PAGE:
How to Pitch Me: 7 Investors Discuss What They’re Looking For in March 2023

It is too early to determine if The fall of the SVB heralds a new era for venture capital, but based on anecdotal evidence, confidential discussions and discussions with colleagues, it appears that we are back to business as usual when it comes to fundraising from pre-revenue start.

Not a scientific sampling, but several investors have signaled this week on Twitter that they remain interested in speaking to founders who are still in the idea stage. My take: With the contagion contained, the VC community feels good about writing small checks for pre-revenue startups, but Series A and more? More or less.

As long as this slowdown persists, this Q&A for investors will be a monthly TC+ column. If you are recently dismissed worker considering going on strike on his ownA H-1B employee who has so faror just looking for tips and advice that can help you connect with early career investors, please read and share.

Thank you very much to all the investors who took the time to answer these questions in such detail! If you are an early career investor who would like to be included in future columns, please email with “How to introduce myself” in the subject line.

Here is who participated:

Brian Backeen

What kind of investment opportunities are you looking for in March 2023?

Like many investors, we are bullish on AI. We made two AI-related investments in April and continue to look for opportunities in this area.

How would you prefer to be approached by a founder with their initial pitch: a cold email, a warm introduction, or some other method?

We have an online portal at that founders can use to request an investment. We do this to avoid a problem with venture capitalists called “network bias”. Founders should apply on our portal and follow Twitter.

What’s a traditional fundraising tactic that founders should remove from their toolkit – something that no longer works, but is still common practice?

Ask for warm introductions and try to “build a relationship” with investors. Spend your time building a great business and you will gain in investment. I don’t need new friends.

Tell us about the best pitch you received recently. When during their presentation did you realize that you were going to invest?

I was recently introduced by a company called MuseTax. Great founders, subject matter experts; the real deal. They made me want to invest in the first 10 minutes. They are now in diligence.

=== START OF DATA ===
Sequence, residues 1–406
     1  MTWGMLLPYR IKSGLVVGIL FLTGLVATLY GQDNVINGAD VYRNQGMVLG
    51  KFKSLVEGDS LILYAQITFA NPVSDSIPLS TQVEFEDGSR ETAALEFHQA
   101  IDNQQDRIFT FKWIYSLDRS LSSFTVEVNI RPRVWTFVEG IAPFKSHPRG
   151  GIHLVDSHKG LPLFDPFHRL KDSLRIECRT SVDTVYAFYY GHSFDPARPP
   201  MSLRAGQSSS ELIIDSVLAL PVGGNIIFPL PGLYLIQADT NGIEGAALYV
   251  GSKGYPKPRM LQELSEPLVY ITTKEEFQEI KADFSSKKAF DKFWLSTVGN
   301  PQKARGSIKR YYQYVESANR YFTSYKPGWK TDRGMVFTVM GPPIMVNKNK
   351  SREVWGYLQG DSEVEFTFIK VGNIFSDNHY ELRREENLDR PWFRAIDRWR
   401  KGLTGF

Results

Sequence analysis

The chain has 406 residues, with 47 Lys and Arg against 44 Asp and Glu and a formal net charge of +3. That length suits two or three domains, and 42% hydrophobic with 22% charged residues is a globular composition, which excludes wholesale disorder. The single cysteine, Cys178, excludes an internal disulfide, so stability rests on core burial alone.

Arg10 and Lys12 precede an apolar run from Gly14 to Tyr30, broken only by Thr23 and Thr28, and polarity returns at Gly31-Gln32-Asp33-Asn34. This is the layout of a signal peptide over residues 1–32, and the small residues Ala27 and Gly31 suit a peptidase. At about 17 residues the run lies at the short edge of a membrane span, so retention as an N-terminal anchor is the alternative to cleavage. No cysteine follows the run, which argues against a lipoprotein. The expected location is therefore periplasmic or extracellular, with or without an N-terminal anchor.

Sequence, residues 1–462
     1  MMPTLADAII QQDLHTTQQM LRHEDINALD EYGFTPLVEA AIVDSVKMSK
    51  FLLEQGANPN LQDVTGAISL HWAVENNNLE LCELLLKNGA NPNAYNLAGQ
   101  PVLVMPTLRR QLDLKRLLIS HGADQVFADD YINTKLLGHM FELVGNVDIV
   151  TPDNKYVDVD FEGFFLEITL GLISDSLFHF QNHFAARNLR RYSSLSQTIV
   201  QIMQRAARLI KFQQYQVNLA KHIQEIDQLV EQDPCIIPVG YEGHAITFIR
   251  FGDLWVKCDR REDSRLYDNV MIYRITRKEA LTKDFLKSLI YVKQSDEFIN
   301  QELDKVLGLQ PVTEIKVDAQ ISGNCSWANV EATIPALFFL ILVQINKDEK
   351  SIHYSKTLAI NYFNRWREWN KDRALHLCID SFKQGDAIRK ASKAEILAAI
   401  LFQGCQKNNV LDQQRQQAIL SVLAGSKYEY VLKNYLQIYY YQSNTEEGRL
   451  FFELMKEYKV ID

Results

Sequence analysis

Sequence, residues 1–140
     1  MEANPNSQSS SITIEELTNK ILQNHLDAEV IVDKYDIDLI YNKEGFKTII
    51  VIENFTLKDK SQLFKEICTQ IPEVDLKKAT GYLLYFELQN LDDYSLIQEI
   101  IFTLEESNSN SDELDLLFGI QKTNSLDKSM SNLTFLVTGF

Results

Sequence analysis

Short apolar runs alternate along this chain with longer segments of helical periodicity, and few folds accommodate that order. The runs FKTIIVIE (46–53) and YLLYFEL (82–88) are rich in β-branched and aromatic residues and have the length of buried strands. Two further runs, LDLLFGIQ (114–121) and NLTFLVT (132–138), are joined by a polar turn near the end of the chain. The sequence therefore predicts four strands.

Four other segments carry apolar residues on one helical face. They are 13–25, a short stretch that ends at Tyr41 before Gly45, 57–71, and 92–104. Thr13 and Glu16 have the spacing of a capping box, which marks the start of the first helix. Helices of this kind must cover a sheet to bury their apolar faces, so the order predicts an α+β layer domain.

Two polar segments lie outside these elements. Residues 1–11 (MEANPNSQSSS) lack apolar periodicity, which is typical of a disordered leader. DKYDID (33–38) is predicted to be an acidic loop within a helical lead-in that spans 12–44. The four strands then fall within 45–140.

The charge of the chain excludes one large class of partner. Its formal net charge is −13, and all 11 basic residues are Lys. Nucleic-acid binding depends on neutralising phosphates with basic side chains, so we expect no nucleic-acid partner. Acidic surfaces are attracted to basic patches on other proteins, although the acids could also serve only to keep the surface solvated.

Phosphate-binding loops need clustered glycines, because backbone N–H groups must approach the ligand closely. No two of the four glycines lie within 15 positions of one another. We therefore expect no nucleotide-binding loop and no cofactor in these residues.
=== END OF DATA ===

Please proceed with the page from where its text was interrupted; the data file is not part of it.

Can you share a tip that can help a newbie founder stand out?

Don’t focus on investing; focus on the design. Don’t let your engineers build you a lousy product with great password reset functionality but limited user value.

Don’t let the engineers tell you it’s not ready; It is. Push it and learn.

Design it well and users or investors will follow. Design the first version well and you’ll end up with lots of engineering bills and no progress.

What are you reading/watching/listening to right now?

I keep rewatching “Billions” Season 1. You know, before it gets weird 🙂. Big show.

Masha Bucher

What kind of investment opportunities are you looking for in March 2023?

In a healthy fundraising environment, the most successful founders often rely on their storytelling prowess and can win over investors with their charisma. They are the ones who are naturally good speakers and articulate with their vision.

There is a second type of founder with a different background. They are often headlong, rambling, and resource-driven. I call them “survivors”. Survivors are often immigrant founders, people of color, women, or others from underrepresented backgrounds.

I believe survivors are the type of founders to support during a downturn. They were driven to be scrappy and to survive all their lives; they are uniquely equipped to handle what the current times demand of them. They are good at making something out of nothing and are extremely profitable.

I’m looking for paths to monetization, business models, and paths to profitability. Investors are paying much more attention to numbers, business models, and how founders manage their finances. Expect many more questions challenging the business model.

I look at how much revenue comes from product quality versus marketing. Founders who drive virality based on product quality show they can make money with little marketing spend.

We like companies with high EBITDA. We love companies like Quinn, who have hit millions in revenue in just a year of launching with viral, zero-cost marketing on TikTok.

How would you prefer to be approached by a founder with their initial pitch: a cold email, a warm introduction, or some other method?

Cold emails work great, but it’s surprising how few people can do it right. In a cold email, every sentence should convince me to make an appointment. With every word and every phrase, you must create the desire for an investor to meet you in person. You need to show a clear reason why they need to meet with you now, not next month.

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